Conserve energy, reduce and recycle waste
Reduce use of pesticides and other toxic or hazardous materials
Maintain transparent and traceable supply chains
Support safe and fair working conditions
Guarantee food product integrity, with no genetically engineered or artificial ingredients
Ensure healthy, humane animal treatment
Ensure continual improvement of practices

Definitely worth checking out if sustainability and buying local is on your radar. They even have this nifty map showing the location of certified suppliers. Another step local businesses can take is to become Food Alliance certified, which will guarantee that all the food products they are sourcing fit the code. 

Comparing Prices: Local vs. Organic

Local and organic are not the same thing. Organic foods are those that are free of chemicals. Local means they are grown on a farm in the nearby area (but this doesn’t mean the huge corporate farm if you live near one of those). These are generally much smaller than corporate farms, but they supply high quality, healthy products. Local farms may or may not use chemicals in their practices. Unless you know the farmers you won’t really know their growth methods, but when you live so close to the farm you can create that relationship with the farmer so you know exactly what you are getting! With local food you are purchasing the freshest ingredients because they are coming from your own community. Local the products often contain less chemicals then the standard non-organic product because they do not need the additives used to preserve freshness while traveling. Organic foods on the other hand, even without these additives (unless local), still have to travel hundreds or even thousands of miles to get to you!

The best option is to buy local organic foods! Then you get the best of both worlds! But sometimes your wallet needs to make the decision between organic or local. Below are a list of a few price comparisons of the same items found at a farmers market and an all-natural grocery store (prices will vary depending on your location and time of year):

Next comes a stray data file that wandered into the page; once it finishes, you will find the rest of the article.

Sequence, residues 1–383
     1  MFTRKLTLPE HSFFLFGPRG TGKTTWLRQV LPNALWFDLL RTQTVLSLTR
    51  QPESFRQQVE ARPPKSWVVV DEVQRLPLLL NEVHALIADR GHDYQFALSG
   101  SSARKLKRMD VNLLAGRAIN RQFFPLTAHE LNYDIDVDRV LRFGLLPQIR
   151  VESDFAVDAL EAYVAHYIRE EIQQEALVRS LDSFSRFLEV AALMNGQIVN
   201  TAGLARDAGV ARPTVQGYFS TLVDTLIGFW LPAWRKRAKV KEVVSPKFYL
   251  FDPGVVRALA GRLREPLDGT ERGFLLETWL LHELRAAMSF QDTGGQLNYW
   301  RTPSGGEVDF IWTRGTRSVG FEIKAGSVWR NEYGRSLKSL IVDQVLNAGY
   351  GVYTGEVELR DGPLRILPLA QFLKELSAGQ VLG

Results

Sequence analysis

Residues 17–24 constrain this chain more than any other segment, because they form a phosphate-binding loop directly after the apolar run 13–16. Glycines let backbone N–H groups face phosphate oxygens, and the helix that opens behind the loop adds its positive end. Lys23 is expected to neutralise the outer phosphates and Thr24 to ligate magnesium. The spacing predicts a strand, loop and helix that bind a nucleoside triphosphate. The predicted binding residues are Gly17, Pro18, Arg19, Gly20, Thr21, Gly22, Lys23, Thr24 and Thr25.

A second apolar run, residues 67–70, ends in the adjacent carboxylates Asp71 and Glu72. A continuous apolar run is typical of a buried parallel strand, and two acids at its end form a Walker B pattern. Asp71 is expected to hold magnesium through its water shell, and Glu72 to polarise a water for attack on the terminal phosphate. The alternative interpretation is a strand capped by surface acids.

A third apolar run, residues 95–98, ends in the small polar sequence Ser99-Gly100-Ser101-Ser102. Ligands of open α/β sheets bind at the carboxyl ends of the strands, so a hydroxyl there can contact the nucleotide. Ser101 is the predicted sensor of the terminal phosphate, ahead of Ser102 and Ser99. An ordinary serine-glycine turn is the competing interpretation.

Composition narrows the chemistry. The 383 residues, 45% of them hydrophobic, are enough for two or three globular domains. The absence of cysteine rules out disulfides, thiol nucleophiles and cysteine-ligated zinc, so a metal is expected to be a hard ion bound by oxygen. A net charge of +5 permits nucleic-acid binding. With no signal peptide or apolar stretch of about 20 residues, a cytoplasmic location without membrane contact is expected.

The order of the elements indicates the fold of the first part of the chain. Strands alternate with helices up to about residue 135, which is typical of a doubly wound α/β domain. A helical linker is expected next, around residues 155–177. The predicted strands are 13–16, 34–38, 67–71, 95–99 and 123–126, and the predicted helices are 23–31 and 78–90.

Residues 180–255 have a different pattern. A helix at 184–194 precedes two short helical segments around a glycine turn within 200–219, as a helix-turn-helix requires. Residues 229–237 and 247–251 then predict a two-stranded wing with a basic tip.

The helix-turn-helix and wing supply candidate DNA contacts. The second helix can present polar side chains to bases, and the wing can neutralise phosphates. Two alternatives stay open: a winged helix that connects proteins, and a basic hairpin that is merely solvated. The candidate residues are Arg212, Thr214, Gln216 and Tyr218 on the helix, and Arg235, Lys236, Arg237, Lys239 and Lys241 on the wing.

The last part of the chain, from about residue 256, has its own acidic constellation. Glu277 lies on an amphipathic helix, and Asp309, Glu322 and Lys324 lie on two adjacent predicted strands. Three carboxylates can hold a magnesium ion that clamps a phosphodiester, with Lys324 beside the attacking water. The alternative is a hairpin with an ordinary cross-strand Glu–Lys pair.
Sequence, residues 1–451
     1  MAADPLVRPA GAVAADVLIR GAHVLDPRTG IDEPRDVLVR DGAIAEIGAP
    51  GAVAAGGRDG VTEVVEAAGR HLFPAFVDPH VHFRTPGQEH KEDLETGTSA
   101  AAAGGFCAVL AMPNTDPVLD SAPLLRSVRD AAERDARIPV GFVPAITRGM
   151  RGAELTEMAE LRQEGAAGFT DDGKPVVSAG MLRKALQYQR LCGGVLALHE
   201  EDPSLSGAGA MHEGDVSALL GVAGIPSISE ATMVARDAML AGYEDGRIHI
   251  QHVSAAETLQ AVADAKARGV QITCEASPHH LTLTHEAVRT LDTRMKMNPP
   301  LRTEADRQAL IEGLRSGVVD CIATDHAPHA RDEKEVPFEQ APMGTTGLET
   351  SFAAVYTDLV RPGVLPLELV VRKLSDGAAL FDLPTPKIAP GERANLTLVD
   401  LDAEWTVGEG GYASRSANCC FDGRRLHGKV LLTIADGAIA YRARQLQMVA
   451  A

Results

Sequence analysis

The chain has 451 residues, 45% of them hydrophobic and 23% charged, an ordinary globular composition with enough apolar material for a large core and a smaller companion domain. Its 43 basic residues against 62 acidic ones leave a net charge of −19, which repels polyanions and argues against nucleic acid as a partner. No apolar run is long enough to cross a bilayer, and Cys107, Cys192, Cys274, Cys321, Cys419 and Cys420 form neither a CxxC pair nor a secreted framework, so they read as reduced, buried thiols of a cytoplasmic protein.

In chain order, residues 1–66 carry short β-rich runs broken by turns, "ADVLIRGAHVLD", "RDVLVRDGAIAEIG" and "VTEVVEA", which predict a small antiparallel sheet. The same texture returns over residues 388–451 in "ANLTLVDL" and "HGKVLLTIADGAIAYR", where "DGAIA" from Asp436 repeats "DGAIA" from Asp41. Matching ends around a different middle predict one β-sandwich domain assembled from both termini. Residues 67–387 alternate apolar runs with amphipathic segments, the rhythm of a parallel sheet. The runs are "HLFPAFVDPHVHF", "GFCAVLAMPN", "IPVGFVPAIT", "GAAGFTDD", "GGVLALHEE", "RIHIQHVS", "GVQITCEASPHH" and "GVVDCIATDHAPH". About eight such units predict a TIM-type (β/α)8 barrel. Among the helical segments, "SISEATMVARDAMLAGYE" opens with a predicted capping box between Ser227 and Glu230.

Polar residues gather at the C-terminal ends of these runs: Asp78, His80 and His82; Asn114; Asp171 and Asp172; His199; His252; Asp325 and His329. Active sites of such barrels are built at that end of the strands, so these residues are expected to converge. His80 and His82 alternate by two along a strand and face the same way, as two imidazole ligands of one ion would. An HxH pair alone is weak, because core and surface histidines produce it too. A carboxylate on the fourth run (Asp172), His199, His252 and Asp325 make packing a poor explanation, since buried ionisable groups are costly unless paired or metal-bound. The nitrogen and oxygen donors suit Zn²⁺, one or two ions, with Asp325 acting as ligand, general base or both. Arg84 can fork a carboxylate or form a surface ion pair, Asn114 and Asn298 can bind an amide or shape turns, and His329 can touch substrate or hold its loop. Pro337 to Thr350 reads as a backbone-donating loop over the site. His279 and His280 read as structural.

2 pints of local strawberries: $7.00
2 pints of organic strawberries: $6.98

1.5 lb (2 total) local red peppers: $3.75
1.5 lb (2 total) organic red peppers: $7.48

0.5 lb (1 total) local yellow pepper: $1.25
0.5 lb (1 total) organic yellow pepper: $2.99

2 heads of local lettuce: $4.00
2 heads of organic lettuce: $4.98

1 bunch of local radishes: $1.50
1 bunch of organic radishes: $2.49

1 bunch of local broccoli: $4.00
1 bunch of organic broccoli: $7.00

2.5 lb of local squash and zucchini: $3.75
2.5 lb of organic squash and zucchini: $7.49

Farmer’s market (local) total: $25.25
Grocery store (organic) total: $39.41

In many cases organic produce may be almost twice the price of local produce! However this does depend on where you shop, shopping at an all-natural grocery store like a Whole Foods or New Seasons will generally be a little more expensive than your more common grocery chain like Safeway or Albertsons. But there is still an undeniable difference in the price of some local items versus organic. In general local ingredients at your local farmer’s market will be less expensive than buying organic products from the store. If you didn’t think it was worth it to head over to your local farmer’s market, it definitely is! You can buy the freshest ingredients that support your community while saving money!

Comparisons were made by Kaynan Goldberg, you can check out her blog here:

Portland Couple Exemplary Success at Sustainable Living

It is certainly a Portland mindset to think of a successful mode of living to live Green and often modestly. Right here in our own city we are starting to encourage green living by offering more modes of green and sustainable living. One such example is this couple of the Portland area who took this idea and made a home based on the idea of simple and sustainable living. Right here in our own backyard.